will be provided free of charge and devoid of bureaucracy and will ensure NITDA
awareness of available resources.
2. Demonstrate the ability to provide on-going support and continued development and
maintenance of any software sold or deployed.
30
Key Provisions- Software
SDFs shall:
1. Register their products, capabilities and organization on the NITDA portal. The service
will be provided free of charge and devoid of bureaucracy and will ensure NITDA
awareness of available resources.
2. Demonstrate the ability to provide on-going support and continued development and
maintenance of any software sold or deployed.
3. Hold and retain exclusive rights over the reproduction, preparation of derivative works,
distribution and public performance and display of their copyrighted work.
4. Respect the intellectual property rights of others as set out in applicable local and
global regulations.
31
Key Provisions- Software
Multinational companies shall:
1. Provide verifiable information and sign affidavits about the origin, safety, source and
workings of software being sold and deployed within the country in order to ascertain
the full security of the product and protect national security
2. Submit a Local Content Development Plan to NITDA/NCC for their platforms and
products as part of requirements for registration within Nigeria and pre-qualification for
any project to be carried out with any MDAs. This applies to companies already
registered and operating within the country.
32
Key Provisions- Software
MDAs shall:
1. Source software for which there is local capacity to design, develop, compile, test,
troubleshoot, launch, maintain and improve such software application.
2. Source and procure software from only local and indigenous software development
companies; where the capacity for developing such software does not exist locally,
procurement, installation and support will be provided by a Nigerian company.
3. Consider all software solution projects as turnkey deployments and not mere supply of
licenses and software. Therefore the vendor must demonstrate systems integration
capability in order to qualify to carry out the project deployment.
33
Key Provisions- Software
NITDA shall:
1. Enforce the provisions set forward in the National IT Policy as well as in these guidelines
2. Enhance and promote the use of digital technologies as well as local development of
software solutions for the critical sectors such as health, education, security etc.
3. Champion and encourage the set-up of Business Incubator Schemes to accelerate the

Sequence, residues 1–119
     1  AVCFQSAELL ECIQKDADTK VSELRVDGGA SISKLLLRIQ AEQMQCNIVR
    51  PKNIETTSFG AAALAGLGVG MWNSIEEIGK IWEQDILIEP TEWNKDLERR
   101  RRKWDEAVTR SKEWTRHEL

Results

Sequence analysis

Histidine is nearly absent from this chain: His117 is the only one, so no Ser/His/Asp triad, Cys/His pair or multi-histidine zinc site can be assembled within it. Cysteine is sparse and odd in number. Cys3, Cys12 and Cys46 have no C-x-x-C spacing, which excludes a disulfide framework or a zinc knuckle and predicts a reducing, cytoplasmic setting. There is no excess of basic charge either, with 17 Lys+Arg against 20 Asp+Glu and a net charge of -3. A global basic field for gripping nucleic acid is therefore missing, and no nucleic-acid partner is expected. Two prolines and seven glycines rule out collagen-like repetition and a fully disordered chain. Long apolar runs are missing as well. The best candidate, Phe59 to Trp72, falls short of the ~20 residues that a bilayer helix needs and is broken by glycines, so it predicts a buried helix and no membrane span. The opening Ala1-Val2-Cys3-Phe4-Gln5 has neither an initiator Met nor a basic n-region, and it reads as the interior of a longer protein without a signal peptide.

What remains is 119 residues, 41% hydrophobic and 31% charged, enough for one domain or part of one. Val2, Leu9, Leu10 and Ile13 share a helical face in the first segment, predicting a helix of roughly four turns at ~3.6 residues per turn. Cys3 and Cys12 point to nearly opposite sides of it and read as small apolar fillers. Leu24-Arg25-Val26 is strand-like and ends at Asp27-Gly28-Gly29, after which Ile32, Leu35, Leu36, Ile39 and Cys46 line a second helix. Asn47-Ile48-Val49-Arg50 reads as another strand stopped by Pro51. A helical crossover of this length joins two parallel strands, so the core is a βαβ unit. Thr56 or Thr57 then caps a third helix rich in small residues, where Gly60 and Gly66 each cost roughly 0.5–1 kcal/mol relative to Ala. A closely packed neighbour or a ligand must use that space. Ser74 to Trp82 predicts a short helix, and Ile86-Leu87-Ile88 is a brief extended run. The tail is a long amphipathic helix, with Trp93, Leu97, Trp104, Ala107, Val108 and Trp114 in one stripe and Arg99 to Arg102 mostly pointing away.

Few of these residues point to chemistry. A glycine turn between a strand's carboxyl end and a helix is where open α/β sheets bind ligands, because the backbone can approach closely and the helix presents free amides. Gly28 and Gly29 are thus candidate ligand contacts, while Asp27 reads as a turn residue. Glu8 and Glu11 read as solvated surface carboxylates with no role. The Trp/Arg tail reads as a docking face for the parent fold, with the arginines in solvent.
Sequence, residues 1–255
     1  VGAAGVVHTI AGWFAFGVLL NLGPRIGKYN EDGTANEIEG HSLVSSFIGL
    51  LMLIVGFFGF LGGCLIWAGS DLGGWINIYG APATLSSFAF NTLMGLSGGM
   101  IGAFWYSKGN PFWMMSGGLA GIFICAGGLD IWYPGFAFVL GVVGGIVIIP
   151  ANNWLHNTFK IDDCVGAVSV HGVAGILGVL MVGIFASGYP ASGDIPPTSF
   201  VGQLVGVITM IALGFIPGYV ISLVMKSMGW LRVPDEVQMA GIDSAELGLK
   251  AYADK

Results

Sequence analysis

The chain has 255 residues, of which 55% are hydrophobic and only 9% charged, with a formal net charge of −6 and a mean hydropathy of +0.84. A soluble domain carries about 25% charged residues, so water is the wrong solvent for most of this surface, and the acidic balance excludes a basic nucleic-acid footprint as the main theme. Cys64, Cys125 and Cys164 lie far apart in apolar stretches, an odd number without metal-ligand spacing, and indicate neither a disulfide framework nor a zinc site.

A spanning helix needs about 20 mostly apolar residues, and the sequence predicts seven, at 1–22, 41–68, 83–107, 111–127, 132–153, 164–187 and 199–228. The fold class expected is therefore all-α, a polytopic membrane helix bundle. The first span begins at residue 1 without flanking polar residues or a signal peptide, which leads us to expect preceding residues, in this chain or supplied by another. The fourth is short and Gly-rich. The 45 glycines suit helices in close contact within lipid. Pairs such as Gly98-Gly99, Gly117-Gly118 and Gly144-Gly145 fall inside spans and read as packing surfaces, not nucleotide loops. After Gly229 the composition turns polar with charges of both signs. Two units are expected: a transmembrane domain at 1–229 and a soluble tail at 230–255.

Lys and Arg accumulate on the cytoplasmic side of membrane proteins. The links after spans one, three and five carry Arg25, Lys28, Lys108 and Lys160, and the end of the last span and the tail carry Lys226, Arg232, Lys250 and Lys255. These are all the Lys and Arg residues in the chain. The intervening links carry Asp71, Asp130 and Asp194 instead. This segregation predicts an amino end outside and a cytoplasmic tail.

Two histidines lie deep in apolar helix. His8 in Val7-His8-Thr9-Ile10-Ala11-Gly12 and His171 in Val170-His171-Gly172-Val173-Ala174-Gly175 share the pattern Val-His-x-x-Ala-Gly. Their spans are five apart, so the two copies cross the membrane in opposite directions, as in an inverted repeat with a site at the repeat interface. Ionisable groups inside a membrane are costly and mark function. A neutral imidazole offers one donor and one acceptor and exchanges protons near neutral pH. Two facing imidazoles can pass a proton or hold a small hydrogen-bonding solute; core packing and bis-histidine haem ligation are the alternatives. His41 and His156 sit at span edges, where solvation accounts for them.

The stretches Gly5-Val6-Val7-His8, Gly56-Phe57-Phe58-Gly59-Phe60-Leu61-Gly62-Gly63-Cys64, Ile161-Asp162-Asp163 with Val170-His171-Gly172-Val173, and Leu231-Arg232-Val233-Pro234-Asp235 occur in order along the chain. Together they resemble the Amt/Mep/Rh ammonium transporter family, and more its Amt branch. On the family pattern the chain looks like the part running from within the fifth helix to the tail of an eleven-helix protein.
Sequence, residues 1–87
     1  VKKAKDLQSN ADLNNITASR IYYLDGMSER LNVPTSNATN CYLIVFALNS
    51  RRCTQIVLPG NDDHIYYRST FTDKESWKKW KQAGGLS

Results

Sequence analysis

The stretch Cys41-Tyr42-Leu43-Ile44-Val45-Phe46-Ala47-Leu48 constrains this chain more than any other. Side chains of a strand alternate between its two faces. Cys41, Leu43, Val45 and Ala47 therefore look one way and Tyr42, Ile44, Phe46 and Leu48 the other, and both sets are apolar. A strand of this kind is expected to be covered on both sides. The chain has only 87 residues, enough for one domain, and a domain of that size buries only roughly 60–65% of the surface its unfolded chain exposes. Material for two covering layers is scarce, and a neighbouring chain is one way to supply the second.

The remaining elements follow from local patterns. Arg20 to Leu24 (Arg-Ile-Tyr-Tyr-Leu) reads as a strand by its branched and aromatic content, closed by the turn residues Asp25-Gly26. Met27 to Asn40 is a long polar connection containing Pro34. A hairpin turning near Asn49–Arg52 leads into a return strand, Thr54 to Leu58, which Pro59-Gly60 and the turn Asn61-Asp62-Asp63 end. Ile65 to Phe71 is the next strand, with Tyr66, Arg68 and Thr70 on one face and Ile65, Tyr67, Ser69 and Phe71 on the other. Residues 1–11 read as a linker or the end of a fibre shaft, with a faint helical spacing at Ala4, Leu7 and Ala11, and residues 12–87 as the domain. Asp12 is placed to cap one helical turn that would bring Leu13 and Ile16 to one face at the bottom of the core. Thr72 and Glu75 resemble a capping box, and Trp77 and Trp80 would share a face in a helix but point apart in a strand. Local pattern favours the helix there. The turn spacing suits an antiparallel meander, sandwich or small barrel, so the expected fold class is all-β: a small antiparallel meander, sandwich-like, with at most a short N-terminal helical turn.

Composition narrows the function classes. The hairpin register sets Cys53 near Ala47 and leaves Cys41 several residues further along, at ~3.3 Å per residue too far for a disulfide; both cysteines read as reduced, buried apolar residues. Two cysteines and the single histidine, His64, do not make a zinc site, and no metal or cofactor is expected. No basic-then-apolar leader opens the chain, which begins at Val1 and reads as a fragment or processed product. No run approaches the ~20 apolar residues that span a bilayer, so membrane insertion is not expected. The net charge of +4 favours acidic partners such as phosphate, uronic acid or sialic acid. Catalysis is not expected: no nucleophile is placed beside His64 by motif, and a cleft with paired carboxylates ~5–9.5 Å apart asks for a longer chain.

growth of the IT industry.
4. Partner with financial institutions, venture capital firms, MNCs with venture capital
divisions as well Angels investors to create a vibrant Venture Capital ecosystem for the
IT sector .
34
Key Provisions- Network & Internet Services
Networking companies shall:
1. Register their products, capabilities and organization on the NITDA portal. The service will
be provided free of charge and devoid of bureaucracy and will ensure NITDA awareness of
available resources.
2. Provide evidence of the origin, source, paths and workings of network and Internet tools
and services being used by the government, including adequate access to ascertain the full
security of communications being sent through such platforms.
3. Maintain security and audit protocols for all services being rendered which involve citizen’s
data, data on corporations and MDAs.
35
Key Provisions- Network & Internet Services
MDAs shall:
1. Host their websites and other web services mandatorily on the.gov.ng domain as the only
approved domain.
2. Migrate their internet peering provisions to locally available services within 18 months
3. Mandatorily source network and Internet services for which there are local capacity to
setup up, maintain, monitor, optimize and access from local service providers with
capacity to deploy such.
36
Key Provisions- Human Capital Development
MNCs shall:
1. Be required to be more than sales divisions, management of sales agents and channels.
They are to carry out value adding activities in country that contribute to job creation
and the empowerment of Nigerians who comprise their market.
2. Be eligible for existing tax relief for Research and Development activities for
multinational companies, a fiscal incentive which allows up to 120 per-cent of qualifying
expenses on R&D to be tax deductible
3. Be eligible for tax relief for long term R&D on Local raw materials, a fiscal incentive
which allows up to 140 percent of expenses on patentable research to be tax
deductible.
37
Key Provisions- Human Capital Development
NITDA shall:
1. Proactively address perception of quality of locally made ICT products and services by
working with leading global quality organizations such as ISO, American Society for
Quality, Lean Enterprise Institute, etc with the involvement of the Standards
Organization of Nigeria (SON) and local industry groups (ITAN, NCS, ISPON etc.) to train
and assist local ICT companies to improve their products and processes.
2. Promote specialization in different areas of ICT in higher institutions and where possible
provide funding for the setup of centres of excellence in select universities and higher
institutions.
3. Promote the setup of the University of Information Technology to lead the study of and
research in ICT.
38
Implementation Framework
The Role of NITDA
 Legal
 Institutional
Stakeholders
39
CONTENTS
Conclusion and Recommendations
40
Recommendations for Review
It is recommended that this guidelines be reviewed every four years in order to improve it constantly, enable
responsiveness to the rapidly changing Information Technology landscape and continuously improve national strategy.
The primary purpose of policy review activities include the following:
Responsiveness to emerging trends in the global ICT industry: given the rapidly
changing landscape of this sector, it may be necessary to take into
consideration particular trends and occurrences in the global ICT industry that
may have significant implications for the achievement of the objectives.
Responsiveness to changes in local IT industry: as the gains of this policy are
realized, further changes may be made to increase the opportunities available
to indigenous companies and support further growth of the industry
Review of policy performance: the development of any policy is an organic
process. It is imperative that insights from periodic reviews of the impact of the
policy are captured and form inputs to inform future revisions of this policy
document.
41
THANK YOU
Inye Kemabonta, Director Standards and
Regulation, NITDA.
[email protected]
42